“Riddle me this: What did the Hood (Black Community) smell like on Easter Eve when we were growing up? Jeopardy Music…Time! Burning Hair.” The RevDr

I wrote down many ideas, behaviors, and things that were expected of me as I was growing up. Those expectations were generated through and by the culture of my race and the people I was around. There were important things like respecting my elders and the importance of family and friends; growing up with parents that wanted something better for themselves and their children; listening to the stories belonging to my ancestors and the ancestors of my race; being around music, dancing, and celebrations of accomplishment. Wanting to do well in life so that my people, those who invested in me, would be proud. I wanted them to be proud of me. These all were/are things that culturally were a part of my life as a young black man.

If I explored them all, I would have at least a 90-part series instead of an article. Not being able to examine all aspects of my cultural background, I thought to myself, “What aspect of my life, what activity did other Blacks and I participate in that had the most powerful influence in my life and the lives of others of my race and cultural background?” Church!

In my cultural background being Black in America, most times all we had was God and each other. The Black Church gave us a sense of belonging that we did not experience in our everyday life, especially in the South. In Church, we could showcase our gifts and talents, unless you sang better than Pastor’s daughter and had the nerve to want to sing lead in the choir. But if you take note, a whole lot of entertainers and musicians came out of The Black Church. Many great orators of our time developed their skills as children giving the Sunday School report to the adults towards the end of service. Many great Civil Rights leaders and people with a social justice mind set came out of the Black Church. Today’s Ballerinas and Alvin Ailey troupe members were once young praise dancers, dancing for the Lord.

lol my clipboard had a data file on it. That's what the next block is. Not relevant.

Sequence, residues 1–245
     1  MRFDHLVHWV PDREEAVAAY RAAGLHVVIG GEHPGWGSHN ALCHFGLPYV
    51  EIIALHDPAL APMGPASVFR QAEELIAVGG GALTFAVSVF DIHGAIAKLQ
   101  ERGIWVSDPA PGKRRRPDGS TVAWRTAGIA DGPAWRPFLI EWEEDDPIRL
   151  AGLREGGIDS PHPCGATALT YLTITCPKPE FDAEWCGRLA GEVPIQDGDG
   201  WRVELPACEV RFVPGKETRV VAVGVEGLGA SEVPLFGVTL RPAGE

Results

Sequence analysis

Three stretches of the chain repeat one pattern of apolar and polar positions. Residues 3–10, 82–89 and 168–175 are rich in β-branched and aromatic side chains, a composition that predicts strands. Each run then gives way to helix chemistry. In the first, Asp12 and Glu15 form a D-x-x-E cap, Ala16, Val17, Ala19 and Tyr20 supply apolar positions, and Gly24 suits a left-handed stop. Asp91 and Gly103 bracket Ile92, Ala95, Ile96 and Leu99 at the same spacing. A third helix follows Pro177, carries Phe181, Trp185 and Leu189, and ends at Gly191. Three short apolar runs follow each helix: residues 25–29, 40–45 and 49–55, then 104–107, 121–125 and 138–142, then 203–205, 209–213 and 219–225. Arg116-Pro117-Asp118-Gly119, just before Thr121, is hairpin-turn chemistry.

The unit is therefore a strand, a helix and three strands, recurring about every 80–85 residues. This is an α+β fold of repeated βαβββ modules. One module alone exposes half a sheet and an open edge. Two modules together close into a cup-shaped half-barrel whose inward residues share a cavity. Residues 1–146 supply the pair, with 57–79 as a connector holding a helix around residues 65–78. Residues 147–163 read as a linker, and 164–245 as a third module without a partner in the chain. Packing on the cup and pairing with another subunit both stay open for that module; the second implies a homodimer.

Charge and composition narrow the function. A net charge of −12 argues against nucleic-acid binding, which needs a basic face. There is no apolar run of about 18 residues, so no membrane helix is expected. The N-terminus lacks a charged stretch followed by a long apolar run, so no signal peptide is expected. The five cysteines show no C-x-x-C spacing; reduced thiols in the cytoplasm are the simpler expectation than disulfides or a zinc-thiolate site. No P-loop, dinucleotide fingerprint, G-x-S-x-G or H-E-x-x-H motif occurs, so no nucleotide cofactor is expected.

Church was also the place where one could go for help and assistance. Church members were not about to see anyone suffer if in fact, they could help them. There was a deeply ingrained culture of survival within the Church. We all knew that we had to survive and sometimes that consisted of receiving assistance or giving assistance. It’s just something the Black Culture did. If we did not look out for ourselves and one another, no one else would.

Well, I was right; this could easily be a 90-part series. I just scratched the surface of the richness of my Black Culture. I can write about this because I grew up learning and participating in it. It is what I know. I can read about and listen to stories from other cultures and celebrate our sameness and differences. It is some cool stuff as I love always being open enough to learn something new. But for me and my house, culture reflects the Black Experience in America, whether mine or someone else’s. Celebrate your culture and make room to learn and accept others. Peace.

– Rev. Bobby

Yarbrough MugshotThe Reverend Doctor Robert I. Yarbrough is an independent New Thought Minister, trained and steeped in Fillmorian Theology.  He is a writer, author, lecturer, workshop / seminar facilitator and former television host, of “Eating From The Tree Of Life” in Chicago. His extraordinary Bible skills led him in his two year series on the book of The Revelation, where Rev. Bobby shared the secrets recorded in the most loving book in the Bible with others.  His unique presentation style places audiences at ease which is always conducive for them to come away with some spiritual meat that they can immediately apply to their lives. In his newest book, 28 Days A Journey Within, Rev. Bobby establishes the bridge necessary for those ready to breakthrough and move all of their desires into manifest reality.  Reverend Bobby is also a board member of the X-Tend-A-Hand Ministry in Chicago. He handles all pastoral care duties and functions as the non-profit expert as he incorporated the ministry and developed the 501 (c) (3) package. Rev. Bobby also fields, initiates and handles all communication between X-Tend-A-Hand and the government agencies that have oversight responsibilities for non profit organizations

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